Slovakia PM Robert Fico in ‘very serious’ condition after being shot

BRATISLAVA: Slovakia’s Prime Minister Robert Fico is stable but his condition remains “very serious”, his deputy has said, after an assassination attempt that shocked the country and drew global condemnation.
Fico, 59, was shot five times in the central town of Handlova on Wednesday after he left a government meeting. He was in critical condition and underwent several hours of emergency surgery.
“During the night, doctors managed to stabilise the patient’s condition,” Deputy Prime Minister Robert Kalinak said on Thursday.
“Unfortunately, the condition is still very serious as the injuries are complicated,” said Kalinak, who is also the defence minister.
Miriam Lapunikova, the director of the FD Roosevelt University Hospital in Banska Bystrica where Fico was being treated, said he “had multiple gunshot wounds, the consequences of which will affect his recovery”.
“At this point, his condition has stabilised, but it is truly very serious, and therefore he will remain in the intensive care unit,” she added.
The alleged attacker, a 71-year-old writer and former security guard, has been charged with attempted murder.
Interior Minister Matus Sutaj Estok told a news conference that the suspect had acted alone and had previously taken part in anti-government protests.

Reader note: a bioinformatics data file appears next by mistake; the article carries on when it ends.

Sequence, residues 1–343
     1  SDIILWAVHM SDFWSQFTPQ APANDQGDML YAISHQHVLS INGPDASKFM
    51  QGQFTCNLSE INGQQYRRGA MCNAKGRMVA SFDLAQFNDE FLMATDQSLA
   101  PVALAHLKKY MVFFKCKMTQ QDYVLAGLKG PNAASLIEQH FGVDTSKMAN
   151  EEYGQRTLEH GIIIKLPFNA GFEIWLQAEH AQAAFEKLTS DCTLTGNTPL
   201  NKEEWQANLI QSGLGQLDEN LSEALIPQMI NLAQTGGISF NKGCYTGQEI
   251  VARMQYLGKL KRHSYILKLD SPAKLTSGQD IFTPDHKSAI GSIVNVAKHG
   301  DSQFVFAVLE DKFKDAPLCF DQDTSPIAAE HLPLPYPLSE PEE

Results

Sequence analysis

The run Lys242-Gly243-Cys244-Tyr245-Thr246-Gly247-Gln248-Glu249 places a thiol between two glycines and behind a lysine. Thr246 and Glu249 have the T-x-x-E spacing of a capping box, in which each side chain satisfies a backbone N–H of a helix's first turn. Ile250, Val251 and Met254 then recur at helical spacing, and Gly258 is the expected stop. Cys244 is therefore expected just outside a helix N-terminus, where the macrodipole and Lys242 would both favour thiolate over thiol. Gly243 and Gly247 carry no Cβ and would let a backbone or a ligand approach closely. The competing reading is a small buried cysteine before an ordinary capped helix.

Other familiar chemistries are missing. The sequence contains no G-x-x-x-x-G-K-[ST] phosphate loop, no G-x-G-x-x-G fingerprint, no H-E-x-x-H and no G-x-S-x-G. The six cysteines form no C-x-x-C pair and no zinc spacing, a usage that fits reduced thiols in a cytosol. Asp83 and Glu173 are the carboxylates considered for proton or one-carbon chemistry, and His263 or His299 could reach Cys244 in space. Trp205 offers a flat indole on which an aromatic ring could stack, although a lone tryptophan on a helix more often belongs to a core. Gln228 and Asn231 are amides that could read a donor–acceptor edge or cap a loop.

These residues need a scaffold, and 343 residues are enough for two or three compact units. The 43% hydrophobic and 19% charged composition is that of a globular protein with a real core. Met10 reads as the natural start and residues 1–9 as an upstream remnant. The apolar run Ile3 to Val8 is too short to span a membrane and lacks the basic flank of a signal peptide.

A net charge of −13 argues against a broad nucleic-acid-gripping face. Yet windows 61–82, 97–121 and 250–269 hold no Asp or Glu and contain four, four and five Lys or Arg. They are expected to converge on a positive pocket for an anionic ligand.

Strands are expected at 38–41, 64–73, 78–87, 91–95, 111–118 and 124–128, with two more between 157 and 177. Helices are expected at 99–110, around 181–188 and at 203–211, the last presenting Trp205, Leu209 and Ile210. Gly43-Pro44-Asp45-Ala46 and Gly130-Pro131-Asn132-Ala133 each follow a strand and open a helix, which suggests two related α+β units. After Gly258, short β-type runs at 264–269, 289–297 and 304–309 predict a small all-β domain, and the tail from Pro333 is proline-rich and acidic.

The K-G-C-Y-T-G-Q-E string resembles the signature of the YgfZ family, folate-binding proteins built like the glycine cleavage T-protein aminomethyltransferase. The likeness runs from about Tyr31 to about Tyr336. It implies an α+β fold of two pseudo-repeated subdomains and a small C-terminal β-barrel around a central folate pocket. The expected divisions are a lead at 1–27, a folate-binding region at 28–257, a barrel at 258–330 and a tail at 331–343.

“This is a lone wolf who had radicalised himself … after the presidential election,” he said, referring to the vote in April won by Fico’s ally, Peter Pellegrini.
“Slovak police are working with a single version of the attack and the suspect is charged with attempted murder with premeditation,” Sutaj Estok told reporters, adding that the attack was “politically motivated”.
President Zuzana Caputova called for a calming of political tensions and said she would invite all parliamentary party leaders for a joint meeting.
“Let’s step out of the vicious circle of hatred and mutual accusations,” she said on Thursday. “What happened yesterday was an individual act but the tense atmosphere of hatred has been our collective work.”
Pellegrini, the president-elect, described the attack as an “unprecedented threat to Slovak democracy”.
“If we express other political opinions in squares, and not in polling stations, we are jeopardising everything that we have built together over 31 years of Slovak sovereignty,” Pellegrini said.
On Thursday, Pellegrini called on all parties to suspend or reduce campaigning before the European Parliament elections scheduled for June.
Following the attack, Fico was rushed to a hospital in Handlova but was soon transferred by helicopter to the regional capital, Banska Bystrica, for urgent treatment.

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